For the past 8 months or so, I’ve been back doing “traditional” web development. I’m quite happy to be in the world of asp.net MVC with HTML, JavaScript, and CSS. In the past few years, a lot has changed. Three and a half years go, when I last did this sort of work as the main part of my job, jQuery was gaining a lot of traction and was becoming widely accepted. But not like it is today. Today, many developers incorrectly use the words JavaScript and jQuery interchangeably (which is actually quite annoying). And as great as jQuery is, there are a ton of other great JavaScript libraries to help us developers. Patterns like MVVM and SPA have gotten quite popular. And I’ve learned that there are some other great patterns that can be applied to JavaScript development that can make the experience much better, especially for a pattern-happy OO developer like me. So I have been reading up on and practicing using closures, the revealing module pattern, prototypes, MVVM, dependency injection, and more. And I haven’t even started with TypeScript which looks very interesting, to say the least. And I should also mention that products like Visual Studio (and many plugins too) have come a long way to finally embrace JavaScript and have started to treat it like a first class citizen.

In addition to the fact that doing client side development is much better these days thanks to frameworks and tooling, our users have come to expect a richer experience from web sites and applications. Users want web pages to be useable and responsive and, dare I say, “nice to use”. And so, fellow ASP.Net developers, the time for faking our way through JavaScript is over. I have put a lot of effort into learning more about JavaScript. I’ve started treating that part of my job as seriously as I do C#. I don’t expect that I’ll become some kind of JavaScript Ninja anytime soon, but I’ve realized that JavaScript enhanced UIs are an important part of my work. I’m giving JavaScript respect and I’ll expect other developers to do the same. No longer will I accept a job candidate’s dismissive answers about their knowledge of JavaScript. “Yeah, I can do a little JavaScript but I don’t like it” is no longer a valid answer to an interview question. JavaScript is an important aspect of our jobs as web developers and it isn’t going anywhere, at least not for a while.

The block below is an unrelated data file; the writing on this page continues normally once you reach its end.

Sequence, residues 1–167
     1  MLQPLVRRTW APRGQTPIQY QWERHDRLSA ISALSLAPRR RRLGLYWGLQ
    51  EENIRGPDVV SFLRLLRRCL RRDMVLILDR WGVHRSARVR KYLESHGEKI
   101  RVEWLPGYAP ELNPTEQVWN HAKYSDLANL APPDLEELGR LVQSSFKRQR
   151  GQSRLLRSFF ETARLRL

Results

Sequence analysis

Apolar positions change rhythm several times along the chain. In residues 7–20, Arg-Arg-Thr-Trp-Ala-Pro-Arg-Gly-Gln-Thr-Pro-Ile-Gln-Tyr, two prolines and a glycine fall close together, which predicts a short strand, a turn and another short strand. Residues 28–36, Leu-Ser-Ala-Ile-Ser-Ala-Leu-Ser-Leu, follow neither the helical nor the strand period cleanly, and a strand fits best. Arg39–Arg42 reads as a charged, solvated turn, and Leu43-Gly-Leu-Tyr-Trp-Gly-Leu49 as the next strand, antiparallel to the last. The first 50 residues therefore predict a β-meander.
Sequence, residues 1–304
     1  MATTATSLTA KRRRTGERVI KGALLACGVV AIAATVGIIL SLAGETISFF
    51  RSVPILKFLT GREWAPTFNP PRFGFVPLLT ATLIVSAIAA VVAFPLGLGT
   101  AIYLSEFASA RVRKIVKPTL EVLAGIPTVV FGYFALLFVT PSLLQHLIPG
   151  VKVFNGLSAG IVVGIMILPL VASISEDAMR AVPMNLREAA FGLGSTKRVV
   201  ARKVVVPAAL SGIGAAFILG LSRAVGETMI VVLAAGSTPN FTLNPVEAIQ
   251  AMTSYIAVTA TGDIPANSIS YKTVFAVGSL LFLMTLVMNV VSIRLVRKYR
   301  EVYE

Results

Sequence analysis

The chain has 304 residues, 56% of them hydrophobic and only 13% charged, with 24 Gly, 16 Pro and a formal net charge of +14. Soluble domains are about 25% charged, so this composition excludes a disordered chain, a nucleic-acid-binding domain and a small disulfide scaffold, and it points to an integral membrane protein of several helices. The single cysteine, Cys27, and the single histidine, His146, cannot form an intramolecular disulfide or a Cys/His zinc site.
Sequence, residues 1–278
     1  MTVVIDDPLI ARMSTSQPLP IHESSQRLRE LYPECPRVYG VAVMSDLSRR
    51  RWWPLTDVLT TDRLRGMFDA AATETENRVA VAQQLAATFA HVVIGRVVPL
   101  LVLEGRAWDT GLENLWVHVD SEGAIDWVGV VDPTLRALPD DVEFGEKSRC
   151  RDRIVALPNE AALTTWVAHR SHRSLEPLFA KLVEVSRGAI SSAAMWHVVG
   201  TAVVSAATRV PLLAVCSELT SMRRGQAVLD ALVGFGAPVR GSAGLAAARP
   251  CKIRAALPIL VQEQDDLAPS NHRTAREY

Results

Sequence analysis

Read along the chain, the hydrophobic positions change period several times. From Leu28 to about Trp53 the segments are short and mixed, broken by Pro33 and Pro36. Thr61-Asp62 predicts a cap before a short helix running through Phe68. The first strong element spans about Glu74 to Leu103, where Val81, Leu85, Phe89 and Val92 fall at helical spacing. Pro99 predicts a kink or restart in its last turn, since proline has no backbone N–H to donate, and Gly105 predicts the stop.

I talk about this story a lot… few years ago in a team meeting the developers were complaining about their struggles in writing JavaScript which was becoming an important aspect of our web solution. Our manager, who is a really smart guy and still a friend of mine, asked a few questions that made a big impact on me. First he asked, “How many books have you guys read about C#?” The response varied across the team but we had all read a bunch of them. He followed that up with the knockout punch… “how many JavaScript books have you read?” The room was pretty quiet. Most of the group had read none. At least I had read one, but I was wasn’t much different than the group. JavaScript programming was part of our job but yet we didn’t take the time to learn it. And through my career I have found that most ASP.Net developer’s (myself included) experience with and towards JavaScript was pretty similar.

The age of treating JavaScript with disrespect is over. It’s a necessary part of our web solutions. And as I said earlier, the frameworks and tooling have gotten much better. So now is the time to learn it, embrace it, use it, and succeed with it.

When developing web sites, we should all be thinking “touch friendly”.

Now that I have a Surface RT tablet, I realize how bad so many websites are for touch devices like a tablet. Lucky for me my Surface has a keyboard with a track pad built into the cover. Because on numerous occasions I find myself stuck on a website and I need to switch to “keyboard” mode and use the track pad/pointer to be able to use some drop down menu type of input.  Obviously this didn’t matter for many years an there are a lot of old sites living across the internet. Over the years, I was just I was just as guilty of this bad programming technique as the next developer, we just didn’t need to worry about touch. But those days are over and I’m ready to make a change.

By the way, I’m not going to get into a rant about how bad most websites are to use on smaller mobile devices like phones! This is a similar issue but there is a difference.

As more and more people are using tablets as their primary device for the web, we developers need to get with the program and ensure that we give our guests a first class experience.

Here are a few simple tips to follow:

  • Don’t rely on hovering. Touch users don’t have a mouse pointer so they’ll be stuck.
  • Make targets large. If you expect a user to click something, think about the size of the average user’s finger.
  • Keep pages simple. It’s much easier for touch users to use your site if you keep things simple and uncluttered.

So fellow developers, please join with me in this New Year’s resolution by taking this pledge:

I, state your name, promise to start making websites and applications that don’t suck for touch devices. I promise to care about my users and build sites and applications that they can use easily.

Happy New Year! Good luck with this and all your other resolutions.